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Brain hacking

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More and more people hear about social engineering, and they also find out that social engineering is the most extended attack surface threat in cyber security. Social engineering also happens to be one of the most popular attack vectors in the virtual space, and that is because anyone that has social and communication skills can do it, no education or degrees and also no coding skills required.

How do we protect ourselves from getting hacked by social engineers?

There are a lot of stories about a huge diversity of cons, scams, mind tricks and we know an attack might come over the phone, over e-mail, through a letter or even by physical impersonation. The objective is also immensely diverse, from credentials harvesting to obtaining financial benefits, all kinds of information, secrets, intelligence, personal details or just jumping the queue of a cashier´s desk with the classical “Sorry, I have a small baby waiting for me in the car …”. So if you don’t know what they will want from you, you don’t know who they are or how they look like and you also don’t know what persuasive means they will use, how do you protect yourself?

Let´s take the example of an image from an Instagram comment by some user who’s message was “Did you know you cannot comment your password?”. Simple and effective, this message led to a significant number of users posting their passwords in the below comment section. Not only is this huge because of the ingenuity of the means but also huge because of the strong impact and the effective psychology that this short and simple message contains. And what is even more important: it is the perfect example of an attack that is difficult to see coming.

First of all, the psychology of the message is “You cannot do <something>” and this is a message to which most of us would answer “Yes, I can”, just because our ego comes into play. This human stubbornness and will to persevere also explains why the affected users did not come back later to delete their compromising comments and you can even see the same user posting his/her password and then comment below “yes you can”. But then there are more tricks involved in it. Most of us would expect phishing to look for us, a message in our mailbox, a phone call to our number, the phone company guy to our door. In this case we visited a post, an account, it is our choice and unfortunately that makes us lower our defenses just enough to ensure the success of the scam.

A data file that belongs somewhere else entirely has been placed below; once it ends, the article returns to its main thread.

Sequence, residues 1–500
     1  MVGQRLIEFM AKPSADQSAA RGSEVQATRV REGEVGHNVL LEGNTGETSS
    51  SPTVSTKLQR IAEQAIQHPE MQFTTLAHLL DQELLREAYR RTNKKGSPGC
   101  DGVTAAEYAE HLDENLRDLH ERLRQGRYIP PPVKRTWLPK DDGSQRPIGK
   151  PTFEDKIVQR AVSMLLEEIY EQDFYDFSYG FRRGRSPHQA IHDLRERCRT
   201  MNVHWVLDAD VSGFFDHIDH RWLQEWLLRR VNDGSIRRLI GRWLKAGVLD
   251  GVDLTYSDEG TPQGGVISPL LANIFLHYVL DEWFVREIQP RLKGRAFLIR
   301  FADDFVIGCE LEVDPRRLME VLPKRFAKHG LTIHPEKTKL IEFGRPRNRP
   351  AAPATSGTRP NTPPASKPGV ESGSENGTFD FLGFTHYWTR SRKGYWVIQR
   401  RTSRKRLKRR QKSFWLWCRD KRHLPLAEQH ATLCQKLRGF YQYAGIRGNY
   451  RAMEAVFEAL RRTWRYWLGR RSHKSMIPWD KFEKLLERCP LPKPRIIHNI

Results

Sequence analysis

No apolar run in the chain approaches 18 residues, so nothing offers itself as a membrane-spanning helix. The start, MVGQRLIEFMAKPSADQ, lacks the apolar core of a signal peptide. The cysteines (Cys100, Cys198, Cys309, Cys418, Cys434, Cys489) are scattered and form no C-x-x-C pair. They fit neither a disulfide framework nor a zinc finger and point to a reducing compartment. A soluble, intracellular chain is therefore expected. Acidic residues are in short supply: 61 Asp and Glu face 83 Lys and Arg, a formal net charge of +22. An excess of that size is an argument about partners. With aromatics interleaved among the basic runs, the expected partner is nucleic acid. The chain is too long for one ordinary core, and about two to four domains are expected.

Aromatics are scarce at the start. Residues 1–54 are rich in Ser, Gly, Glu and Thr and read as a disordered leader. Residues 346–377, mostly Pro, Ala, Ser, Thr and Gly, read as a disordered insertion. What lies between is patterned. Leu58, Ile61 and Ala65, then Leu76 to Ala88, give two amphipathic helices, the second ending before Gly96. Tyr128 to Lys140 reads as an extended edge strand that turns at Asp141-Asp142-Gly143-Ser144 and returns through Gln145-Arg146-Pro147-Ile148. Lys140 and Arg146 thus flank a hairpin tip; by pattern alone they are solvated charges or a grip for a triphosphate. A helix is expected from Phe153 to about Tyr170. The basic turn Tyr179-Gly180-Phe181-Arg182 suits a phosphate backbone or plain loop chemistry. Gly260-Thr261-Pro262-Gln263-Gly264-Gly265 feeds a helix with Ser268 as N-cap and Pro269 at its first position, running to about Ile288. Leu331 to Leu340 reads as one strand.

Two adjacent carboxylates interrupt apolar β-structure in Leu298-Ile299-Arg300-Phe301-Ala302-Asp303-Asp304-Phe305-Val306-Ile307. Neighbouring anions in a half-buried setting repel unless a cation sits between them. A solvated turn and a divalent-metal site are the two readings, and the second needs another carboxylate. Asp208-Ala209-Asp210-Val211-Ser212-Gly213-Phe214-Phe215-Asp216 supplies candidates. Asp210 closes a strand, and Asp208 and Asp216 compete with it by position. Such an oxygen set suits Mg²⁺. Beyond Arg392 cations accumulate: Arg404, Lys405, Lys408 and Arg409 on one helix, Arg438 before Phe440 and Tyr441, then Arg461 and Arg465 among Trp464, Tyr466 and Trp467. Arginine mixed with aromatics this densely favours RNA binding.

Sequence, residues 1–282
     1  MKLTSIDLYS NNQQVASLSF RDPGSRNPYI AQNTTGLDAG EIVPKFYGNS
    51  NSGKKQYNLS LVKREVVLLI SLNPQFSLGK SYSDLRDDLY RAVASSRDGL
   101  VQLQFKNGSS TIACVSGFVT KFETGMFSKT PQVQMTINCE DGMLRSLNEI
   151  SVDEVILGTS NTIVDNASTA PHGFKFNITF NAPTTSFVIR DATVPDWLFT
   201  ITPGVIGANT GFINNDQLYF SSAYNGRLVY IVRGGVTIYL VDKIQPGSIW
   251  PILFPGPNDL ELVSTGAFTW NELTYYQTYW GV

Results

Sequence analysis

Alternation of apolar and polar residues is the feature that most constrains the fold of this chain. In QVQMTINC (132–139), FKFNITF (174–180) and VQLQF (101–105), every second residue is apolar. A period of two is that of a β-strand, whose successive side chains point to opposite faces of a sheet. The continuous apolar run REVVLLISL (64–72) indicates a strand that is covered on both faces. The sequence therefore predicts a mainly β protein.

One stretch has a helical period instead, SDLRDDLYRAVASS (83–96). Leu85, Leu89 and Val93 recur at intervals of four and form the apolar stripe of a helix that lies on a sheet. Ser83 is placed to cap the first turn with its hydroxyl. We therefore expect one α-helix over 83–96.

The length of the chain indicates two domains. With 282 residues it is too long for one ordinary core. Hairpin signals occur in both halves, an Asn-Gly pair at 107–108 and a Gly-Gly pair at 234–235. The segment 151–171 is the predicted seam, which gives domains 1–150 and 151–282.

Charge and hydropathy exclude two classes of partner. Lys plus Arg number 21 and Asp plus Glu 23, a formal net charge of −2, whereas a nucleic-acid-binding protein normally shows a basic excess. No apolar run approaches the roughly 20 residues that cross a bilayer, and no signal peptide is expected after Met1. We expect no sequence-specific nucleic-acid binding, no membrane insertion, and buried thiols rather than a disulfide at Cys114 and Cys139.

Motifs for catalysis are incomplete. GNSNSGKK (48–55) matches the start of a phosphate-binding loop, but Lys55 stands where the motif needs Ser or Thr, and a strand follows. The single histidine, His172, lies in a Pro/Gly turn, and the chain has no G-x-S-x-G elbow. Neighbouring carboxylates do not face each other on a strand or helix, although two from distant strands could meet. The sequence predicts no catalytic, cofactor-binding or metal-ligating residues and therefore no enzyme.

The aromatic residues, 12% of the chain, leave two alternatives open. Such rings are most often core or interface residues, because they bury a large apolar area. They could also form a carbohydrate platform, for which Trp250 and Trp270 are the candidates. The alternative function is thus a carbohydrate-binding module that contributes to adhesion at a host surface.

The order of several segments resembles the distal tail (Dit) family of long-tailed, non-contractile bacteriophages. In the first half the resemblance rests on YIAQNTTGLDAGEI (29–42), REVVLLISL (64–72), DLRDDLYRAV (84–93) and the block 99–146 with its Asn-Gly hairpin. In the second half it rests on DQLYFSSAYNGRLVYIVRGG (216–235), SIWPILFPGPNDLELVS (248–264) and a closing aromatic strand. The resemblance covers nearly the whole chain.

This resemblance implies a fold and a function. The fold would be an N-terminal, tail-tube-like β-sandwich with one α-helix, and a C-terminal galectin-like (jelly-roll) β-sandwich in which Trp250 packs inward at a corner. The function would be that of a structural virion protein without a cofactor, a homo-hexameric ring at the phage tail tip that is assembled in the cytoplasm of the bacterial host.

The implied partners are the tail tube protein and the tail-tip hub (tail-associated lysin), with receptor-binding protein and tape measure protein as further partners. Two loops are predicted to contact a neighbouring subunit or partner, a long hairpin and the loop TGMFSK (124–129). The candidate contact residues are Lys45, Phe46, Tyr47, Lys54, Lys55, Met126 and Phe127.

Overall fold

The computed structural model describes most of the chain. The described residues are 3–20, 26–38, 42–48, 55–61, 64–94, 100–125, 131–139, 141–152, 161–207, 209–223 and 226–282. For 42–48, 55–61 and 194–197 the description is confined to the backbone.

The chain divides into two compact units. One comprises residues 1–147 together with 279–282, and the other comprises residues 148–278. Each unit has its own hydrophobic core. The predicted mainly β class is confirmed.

Could this be avoided?

YES. One of the main rules insisted upon during any awareness training is: “Under no circumstances let others know your credentials, not your family, not your colleagues, not your CEO, nobody!”

Even for the most security educated among us there are times when scams are so well engineered that they cannot be avoided by our common sense. Information security teaches us about the importance of the multi-factor authentication which is that extra layer of security needed in these extreme situations. Secure any account with multi-factor authentication and do not use the same password for multiple accounts to reduce the impact in the case of disclosure.

The truth is that no expert can prepare you for the extremely vast imagination of a bad guy. But in cybersecurity, like in a lot of other fields, there will be always simple rules that can make a difference in times of complex trouble. To conclude, most of the time in cybersecurity, we should not be worried about a one´s skill set, we should be worried about a one´s mindset and that is: his patience, his persuasion, and his will to succeed. The impact is extremely critical since, according to a KnowBe4 2020 whitepaper, 70% to 90% of all the big breaches are nowadays caused by social engineering and that includes the scariest attack of our times, ransomware!

Be prepared, stay safe!

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